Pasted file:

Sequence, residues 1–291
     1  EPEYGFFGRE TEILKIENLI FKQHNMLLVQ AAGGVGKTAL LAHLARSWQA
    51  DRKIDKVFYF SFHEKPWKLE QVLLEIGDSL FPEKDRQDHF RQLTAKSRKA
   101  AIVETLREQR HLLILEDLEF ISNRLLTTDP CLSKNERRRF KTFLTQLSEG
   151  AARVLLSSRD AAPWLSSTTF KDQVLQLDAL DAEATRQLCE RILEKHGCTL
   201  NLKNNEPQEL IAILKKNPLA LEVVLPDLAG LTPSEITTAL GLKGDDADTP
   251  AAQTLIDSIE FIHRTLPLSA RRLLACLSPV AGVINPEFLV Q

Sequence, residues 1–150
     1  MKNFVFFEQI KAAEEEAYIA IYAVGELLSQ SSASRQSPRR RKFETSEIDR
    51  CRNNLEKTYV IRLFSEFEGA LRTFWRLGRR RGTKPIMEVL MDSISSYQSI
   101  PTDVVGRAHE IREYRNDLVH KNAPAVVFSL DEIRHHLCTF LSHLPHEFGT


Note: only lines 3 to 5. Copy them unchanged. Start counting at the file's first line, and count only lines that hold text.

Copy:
    51  DRKIDKVFYF SFHEKPWKLE QVLLEIGDSL FPEKDRQDHF RQLTAKSRKA
   101  AIVETLREQR HLLILEDLEF ISNRLLTTDP CLSKNERRRF KTFLTQLSEG
   151  AARVLLSSRD AAPWLSSTTF KDQVLQLDAL DAEATRQLCE RILEKHGCTL